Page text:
Green Mountain Question: Why UVM and not UVT?
Updated: Sep 18, 2019
Burlington Free Press: “The mystery of why the University of Vermont’s name is abbreviated to UVM and not UVT is due to history instead of whimsy. The university was founded way back in 1791, according to UVM’s website. It’s the fifth oldest university in New England after Harvard, Yale, Dartmouth and Brown. University of Vermont’s founders chose to call the school Universitas Viridis Montis, the “University of the Green Mountains” in Latin. Vermont, accepted as a state in 1790, takes its name from the French vert (green), mont (mountain).”
“The Latin name can be seen on the university’s seal … The motto on the seal, ‘studiis et rebus honestis,’ was taken from the writings of Quintus Horatius Flaccus, also known as Horace, a lyric poet during the Roman Empire. The translation, according to UVM, means: ‘for virtuous studies and matters.’ The Washington Post in 2016, in an article about school mottos translated the Latin phrase as ‘through studies and upright affairs’.”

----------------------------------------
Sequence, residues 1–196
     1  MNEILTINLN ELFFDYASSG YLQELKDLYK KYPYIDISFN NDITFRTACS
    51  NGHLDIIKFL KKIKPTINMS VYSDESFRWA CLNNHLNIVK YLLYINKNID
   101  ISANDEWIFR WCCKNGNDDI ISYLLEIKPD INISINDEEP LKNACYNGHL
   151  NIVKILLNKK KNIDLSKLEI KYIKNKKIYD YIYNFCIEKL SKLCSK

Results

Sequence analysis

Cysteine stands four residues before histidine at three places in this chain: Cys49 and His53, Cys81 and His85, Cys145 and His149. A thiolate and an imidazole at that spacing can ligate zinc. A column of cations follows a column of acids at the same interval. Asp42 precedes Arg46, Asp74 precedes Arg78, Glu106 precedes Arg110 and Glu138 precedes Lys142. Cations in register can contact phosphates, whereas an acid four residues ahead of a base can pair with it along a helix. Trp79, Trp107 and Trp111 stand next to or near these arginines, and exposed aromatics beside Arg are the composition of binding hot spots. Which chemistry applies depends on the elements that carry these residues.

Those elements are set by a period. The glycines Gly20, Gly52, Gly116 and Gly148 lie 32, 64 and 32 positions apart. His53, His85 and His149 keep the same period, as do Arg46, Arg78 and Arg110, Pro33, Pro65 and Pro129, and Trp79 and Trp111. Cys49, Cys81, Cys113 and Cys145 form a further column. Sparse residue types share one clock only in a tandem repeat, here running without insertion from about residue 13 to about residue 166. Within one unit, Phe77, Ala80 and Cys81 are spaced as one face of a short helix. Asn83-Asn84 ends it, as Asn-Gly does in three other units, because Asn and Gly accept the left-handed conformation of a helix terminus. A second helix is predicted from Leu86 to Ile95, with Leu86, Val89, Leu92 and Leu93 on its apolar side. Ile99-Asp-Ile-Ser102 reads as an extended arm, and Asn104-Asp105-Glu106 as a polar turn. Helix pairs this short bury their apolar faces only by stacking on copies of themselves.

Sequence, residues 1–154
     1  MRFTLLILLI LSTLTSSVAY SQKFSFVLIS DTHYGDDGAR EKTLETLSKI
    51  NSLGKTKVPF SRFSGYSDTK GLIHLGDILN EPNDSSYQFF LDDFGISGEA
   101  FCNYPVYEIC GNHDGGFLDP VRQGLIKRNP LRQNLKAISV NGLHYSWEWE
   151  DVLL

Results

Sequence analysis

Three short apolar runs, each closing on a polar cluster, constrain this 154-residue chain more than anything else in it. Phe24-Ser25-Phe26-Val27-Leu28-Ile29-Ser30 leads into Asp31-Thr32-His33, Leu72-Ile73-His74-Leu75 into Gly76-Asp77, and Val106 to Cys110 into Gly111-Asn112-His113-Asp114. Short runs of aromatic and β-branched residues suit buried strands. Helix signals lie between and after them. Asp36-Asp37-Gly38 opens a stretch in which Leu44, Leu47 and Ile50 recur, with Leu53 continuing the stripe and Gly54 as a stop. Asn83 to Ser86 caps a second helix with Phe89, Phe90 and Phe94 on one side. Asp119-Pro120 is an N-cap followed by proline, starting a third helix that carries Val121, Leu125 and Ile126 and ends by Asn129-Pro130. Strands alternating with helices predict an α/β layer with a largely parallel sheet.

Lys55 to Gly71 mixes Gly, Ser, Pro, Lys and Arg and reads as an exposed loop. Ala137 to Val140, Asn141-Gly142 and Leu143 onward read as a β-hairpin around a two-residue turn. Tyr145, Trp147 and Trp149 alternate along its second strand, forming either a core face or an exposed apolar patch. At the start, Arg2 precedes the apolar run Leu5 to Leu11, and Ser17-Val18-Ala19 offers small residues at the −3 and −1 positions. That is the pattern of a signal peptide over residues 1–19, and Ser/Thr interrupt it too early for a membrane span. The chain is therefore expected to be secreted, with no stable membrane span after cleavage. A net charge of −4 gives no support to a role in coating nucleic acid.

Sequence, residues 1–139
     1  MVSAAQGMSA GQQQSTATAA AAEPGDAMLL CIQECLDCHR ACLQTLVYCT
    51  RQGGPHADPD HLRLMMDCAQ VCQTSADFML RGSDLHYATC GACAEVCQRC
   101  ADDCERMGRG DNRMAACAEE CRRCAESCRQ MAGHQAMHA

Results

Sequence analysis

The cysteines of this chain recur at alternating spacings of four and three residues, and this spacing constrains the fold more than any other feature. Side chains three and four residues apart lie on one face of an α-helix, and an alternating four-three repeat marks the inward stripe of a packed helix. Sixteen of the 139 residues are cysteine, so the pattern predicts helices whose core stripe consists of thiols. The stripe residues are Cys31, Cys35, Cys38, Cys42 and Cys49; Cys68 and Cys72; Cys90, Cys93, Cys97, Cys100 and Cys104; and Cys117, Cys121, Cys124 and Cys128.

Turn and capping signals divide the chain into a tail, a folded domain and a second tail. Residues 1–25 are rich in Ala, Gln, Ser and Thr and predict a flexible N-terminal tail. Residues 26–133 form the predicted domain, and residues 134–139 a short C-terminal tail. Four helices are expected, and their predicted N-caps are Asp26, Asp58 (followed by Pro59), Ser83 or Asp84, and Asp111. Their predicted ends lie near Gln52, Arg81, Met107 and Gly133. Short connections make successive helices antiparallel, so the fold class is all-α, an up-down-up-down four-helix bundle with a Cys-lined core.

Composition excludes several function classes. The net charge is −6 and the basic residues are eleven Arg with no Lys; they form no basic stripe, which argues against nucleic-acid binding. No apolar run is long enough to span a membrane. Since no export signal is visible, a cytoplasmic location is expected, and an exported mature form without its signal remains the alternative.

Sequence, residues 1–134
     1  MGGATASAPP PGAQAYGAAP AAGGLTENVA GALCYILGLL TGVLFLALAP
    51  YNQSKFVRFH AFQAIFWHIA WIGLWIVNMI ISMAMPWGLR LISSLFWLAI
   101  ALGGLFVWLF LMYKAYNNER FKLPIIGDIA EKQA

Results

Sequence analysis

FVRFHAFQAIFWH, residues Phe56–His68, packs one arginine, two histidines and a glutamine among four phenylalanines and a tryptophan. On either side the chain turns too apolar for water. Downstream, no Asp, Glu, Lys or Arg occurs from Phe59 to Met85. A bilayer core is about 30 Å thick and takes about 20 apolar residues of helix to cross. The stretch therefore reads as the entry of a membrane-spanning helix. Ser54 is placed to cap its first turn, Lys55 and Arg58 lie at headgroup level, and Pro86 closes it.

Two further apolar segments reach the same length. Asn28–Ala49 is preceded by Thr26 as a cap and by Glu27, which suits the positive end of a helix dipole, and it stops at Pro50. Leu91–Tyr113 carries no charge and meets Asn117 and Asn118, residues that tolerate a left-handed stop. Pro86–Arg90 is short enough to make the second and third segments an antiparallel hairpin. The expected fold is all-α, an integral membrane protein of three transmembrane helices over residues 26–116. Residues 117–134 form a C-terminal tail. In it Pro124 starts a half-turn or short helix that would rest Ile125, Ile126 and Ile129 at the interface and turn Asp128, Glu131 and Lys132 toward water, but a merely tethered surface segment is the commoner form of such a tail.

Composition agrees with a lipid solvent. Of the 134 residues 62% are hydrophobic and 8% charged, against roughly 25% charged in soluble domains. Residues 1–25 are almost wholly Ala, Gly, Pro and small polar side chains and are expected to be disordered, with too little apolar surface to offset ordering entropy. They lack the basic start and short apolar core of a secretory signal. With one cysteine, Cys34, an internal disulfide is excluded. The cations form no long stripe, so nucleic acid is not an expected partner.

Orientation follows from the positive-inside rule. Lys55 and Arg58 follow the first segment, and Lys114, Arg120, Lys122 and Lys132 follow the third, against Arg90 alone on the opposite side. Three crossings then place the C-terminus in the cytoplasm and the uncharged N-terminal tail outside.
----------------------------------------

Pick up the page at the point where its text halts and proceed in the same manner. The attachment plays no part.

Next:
“The phrase was selected by UVM’s first president, Daniel Clarke Sanders a graduate of Harvard University in 1788, according to UVM’s Lyman-Roberts Professor of Classics M. D. Usher … Latin and Greek language, literature, history and philosophy formed the core of what students studied two hundred years ago. ‘Classics is thus both the historical core and spiritual heart of UVM,’ Usher said.”